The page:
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How the tobacco industry built its relationship with Hollywood.
Tob Control. 2002 Mar; 11 Suppl 1:I81-91.TC

Abstract

OBJECTIVE

To describe the development of the relationship between the tobacco industry and the entertainment industry.

METHODS

Review of previously secret tobacco industry documents available on the internet.

RESULTS

Both the entertainment and tobacco industries recognised the high value of promotion of tobacco through entertainment media. The 1980s saw undertakings by four tobacco companies, Philip Morris, RJ Reynolds (RJR), American Tobacco Company, and Brown and Williamson to place their products in movies. RJR and Philip Morris also worked to place products on television at the beginning of the decade. Each company hired aggressive product placement firms to represent its interests in Hollywood. These firms placed products and tobacco signage in positive situations that would encourage viewers to use tobacco and kept brands from being used in negative situations. At least one of the companies, RJR, undertook an extensive campaign to hook Hollywood on tobacco by providing free cigarettes to actors on a monthly basis. Efforts were also made to place favourable articles relating to product use by actors in national print media and to encourage professional photographers to take pictures of actors smoking specific brands. The cigar industry started developing connections with the entertainment industry beginning in the 1980s and paid product placements were made in both movies and on television. This effort did not always require money payments from the tobacco industry to the entertainment industry, suggesting that simply looking for cash payoffs may miss other important ties between the tobacco and entertainment industries.

CONCLUSIONS

The tobacco industry understood the value of placing and encouraging tobacco use in films, and how to do it. While the industry claims to have ended this practice, smoking in motion pictures increased throughout the 1990s and remains a public health problem.

Authors+Show Affiliations

American Lung Association of Sacramento Emigrant-Trails, STARS Project, Sacramento, California, USA.No affiliation info available

Pub Type(s)

Journal Article
Research Support, Non-U.S. Gov't
Research Support, U.S. Gov't, P.H.S.

Language

eng

PubMed ID

11893818

Citation

Mekemson, C, and S A. Glantz. "How the Tobacco Industry Built Its Relationship With Hollywood." Tobacco Control, vol. 11 Suppl 1, 2002, pp. I81-91.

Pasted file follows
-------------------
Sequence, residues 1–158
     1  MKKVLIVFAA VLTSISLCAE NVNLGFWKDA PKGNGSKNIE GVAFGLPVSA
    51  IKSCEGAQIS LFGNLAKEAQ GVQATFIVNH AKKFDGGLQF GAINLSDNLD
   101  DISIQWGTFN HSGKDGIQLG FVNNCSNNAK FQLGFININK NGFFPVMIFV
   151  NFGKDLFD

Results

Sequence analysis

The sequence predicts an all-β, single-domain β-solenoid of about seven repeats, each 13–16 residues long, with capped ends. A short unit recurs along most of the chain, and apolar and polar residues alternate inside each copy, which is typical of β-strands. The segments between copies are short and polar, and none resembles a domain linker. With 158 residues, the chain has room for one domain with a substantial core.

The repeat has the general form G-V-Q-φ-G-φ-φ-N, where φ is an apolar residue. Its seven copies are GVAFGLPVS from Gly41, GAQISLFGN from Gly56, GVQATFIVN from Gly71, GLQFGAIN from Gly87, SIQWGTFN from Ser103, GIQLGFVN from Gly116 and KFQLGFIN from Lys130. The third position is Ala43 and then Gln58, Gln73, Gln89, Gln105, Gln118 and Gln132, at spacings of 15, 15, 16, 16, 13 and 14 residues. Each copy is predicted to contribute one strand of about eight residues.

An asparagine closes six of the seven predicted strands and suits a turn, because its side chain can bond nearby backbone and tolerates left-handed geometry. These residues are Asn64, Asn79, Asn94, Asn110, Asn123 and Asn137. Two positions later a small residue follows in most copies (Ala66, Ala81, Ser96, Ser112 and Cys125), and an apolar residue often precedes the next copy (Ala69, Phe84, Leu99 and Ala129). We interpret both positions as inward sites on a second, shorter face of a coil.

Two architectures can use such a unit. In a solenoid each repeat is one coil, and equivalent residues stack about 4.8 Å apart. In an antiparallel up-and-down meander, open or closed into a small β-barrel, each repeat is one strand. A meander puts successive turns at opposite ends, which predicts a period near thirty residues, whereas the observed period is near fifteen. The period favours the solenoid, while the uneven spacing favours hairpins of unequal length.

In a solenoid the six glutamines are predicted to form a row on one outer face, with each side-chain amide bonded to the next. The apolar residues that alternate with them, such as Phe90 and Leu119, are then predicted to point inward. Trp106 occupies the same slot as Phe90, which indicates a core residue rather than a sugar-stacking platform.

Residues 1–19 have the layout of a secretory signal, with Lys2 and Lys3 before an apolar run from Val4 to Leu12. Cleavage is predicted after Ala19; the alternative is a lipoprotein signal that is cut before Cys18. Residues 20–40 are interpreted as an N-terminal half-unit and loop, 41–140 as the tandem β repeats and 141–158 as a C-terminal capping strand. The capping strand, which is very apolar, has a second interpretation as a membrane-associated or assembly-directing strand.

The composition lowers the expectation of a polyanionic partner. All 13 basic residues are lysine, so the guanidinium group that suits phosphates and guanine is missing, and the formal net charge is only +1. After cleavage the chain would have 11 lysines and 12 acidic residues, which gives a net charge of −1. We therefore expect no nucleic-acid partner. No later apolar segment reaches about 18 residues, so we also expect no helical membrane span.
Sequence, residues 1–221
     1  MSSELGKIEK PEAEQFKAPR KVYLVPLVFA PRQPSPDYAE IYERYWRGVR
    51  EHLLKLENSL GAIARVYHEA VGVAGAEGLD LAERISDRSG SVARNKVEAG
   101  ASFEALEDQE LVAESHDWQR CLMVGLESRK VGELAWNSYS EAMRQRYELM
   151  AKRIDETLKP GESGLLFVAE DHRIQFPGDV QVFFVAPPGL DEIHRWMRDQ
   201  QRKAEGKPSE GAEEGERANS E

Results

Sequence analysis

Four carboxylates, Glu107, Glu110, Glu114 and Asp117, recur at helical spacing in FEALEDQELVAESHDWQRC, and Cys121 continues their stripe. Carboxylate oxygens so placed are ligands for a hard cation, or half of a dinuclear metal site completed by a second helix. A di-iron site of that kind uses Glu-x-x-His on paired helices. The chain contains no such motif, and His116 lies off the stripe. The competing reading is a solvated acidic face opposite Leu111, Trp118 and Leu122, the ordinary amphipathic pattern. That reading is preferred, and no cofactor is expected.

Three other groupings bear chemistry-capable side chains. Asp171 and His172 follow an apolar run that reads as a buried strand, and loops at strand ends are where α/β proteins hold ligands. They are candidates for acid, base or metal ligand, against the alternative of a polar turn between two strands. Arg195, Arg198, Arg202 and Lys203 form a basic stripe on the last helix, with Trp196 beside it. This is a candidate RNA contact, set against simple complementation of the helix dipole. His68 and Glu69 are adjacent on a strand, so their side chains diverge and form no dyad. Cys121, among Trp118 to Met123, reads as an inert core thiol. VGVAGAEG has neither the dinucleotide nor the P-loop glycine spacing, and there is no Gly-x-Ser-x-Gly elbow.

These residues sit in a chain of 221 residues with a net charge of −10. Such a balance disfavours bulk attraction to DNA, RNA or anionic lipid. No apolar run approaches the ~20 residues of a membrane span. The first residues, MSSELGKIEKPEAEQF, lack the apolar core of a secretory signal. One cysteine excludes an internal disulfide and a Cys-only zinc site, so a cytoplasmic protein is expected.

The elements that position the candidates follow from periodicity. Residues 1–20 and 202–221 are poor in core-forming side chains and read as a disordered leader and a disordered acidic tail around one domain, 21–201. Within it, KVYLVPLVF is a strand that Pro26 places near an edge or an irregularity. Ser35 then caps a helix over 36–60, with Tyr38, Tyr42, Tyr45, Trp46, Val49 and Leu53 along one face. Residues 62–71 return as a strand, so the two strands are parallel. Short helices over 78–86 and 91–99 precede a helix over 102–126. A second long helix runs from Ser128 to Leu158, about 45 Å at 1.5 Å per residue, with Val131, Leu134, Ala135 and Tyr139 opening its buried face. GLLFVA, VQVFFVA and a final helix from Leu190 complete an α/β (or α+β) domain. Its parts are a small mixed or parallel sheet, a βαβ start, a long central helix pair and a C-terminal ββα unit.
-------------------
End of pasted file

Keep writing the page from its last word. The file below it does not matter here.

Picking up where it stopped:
Mekemson C, Glantz SA. How the tobacco industry built its relationship with Hollywood. Tob Control. 2002;11 Suppl 1:I81-91.
Mekemson, C., & Glantz, S. A. (2002). How the tobacco industry built its relationship with Hollywood. Tobacco Control, 11 Suppl 1, I81-91.
Mekemson C, Glantz SA. How the Tobacco Industry Built Its Relationship With Hollywood. Tob Control. 2002;11 Suppl 1:I81-91. PubMed PMID: 11893818.
* Article titles in AMA citation format should be in sentence-case
TY - JOUR T1 - How the tobacco industry built its relationship with Hollywood. AU - Mekemson,C, AU - Glantz,S A, PY - 2002/3/15/pubmed PY - 2002/5/1/medline PY - 2002/3/15/entrez SP - I81 EP - 91 JF - Tobacco control JO - Tob Control VL - 11 Suppl 1 N2 - OBJECTIVE: To describe the development of the relationship between the tobacco industry and the entertainment industry. METHODS: Review of previously secret tobacco industry documents available on the internet. RESULTS: Both the entertainment and tobacco industries recognised the high value of promotion of tobacco through entertainment media. The 1980s saw undertakings by four tobacco companies, Philip Morris, RJ Reynolds (RJR), American Tobacco Company, and Brown and Williamson to place their products in movies. RJR and Philip Morris also worked to place products on television at the beginning of the decade. Each company hired aggressive product placement firms to represent its interests in Hollywood. These firms placed products and tobacco signage in positive situations that would encourage viewers to use tobacco and kept brands from being used in negative situations. At least one of the companies, RJR, undertook an extensive campaign to hook Hollywood on tobacco by providing free cigarettes to actors on a monthly basis. Efforts were also made to place favourable articles relating to product use by actors in national print media and to encourage professional photographers to take pictures of actors smoking specific brands. The cigar industry started developing connections with the entertainment industry beginning in the 1980s and paid product placements were made in both movies and on television. This effort did not always require money payments from the tobacco industry to the entertainment industry, suggesting that simply looking for cash payoffs may miss other important ties between the tobacco and entertainment industries. CONCLUSIONS: The tobacco industry understood the value of placing and encouraging tobacco use in films, and how to do it. While the industry claims to have ended this practice, smoking in motion pictures increased throughout the 1990s and remains a public health problem. SN - 0964-4563 UR - https://www.unboundmedicine.com/medline/citation/11893818/How_the_tobacco_industry_built_its_relationship_with_Hollywood_ L2 - http://tobaccocontrol.bmj.com/cgi/pmidlookup?view=long&pmid=11893818 DB - PRIME DP - Unbound Medicine ER -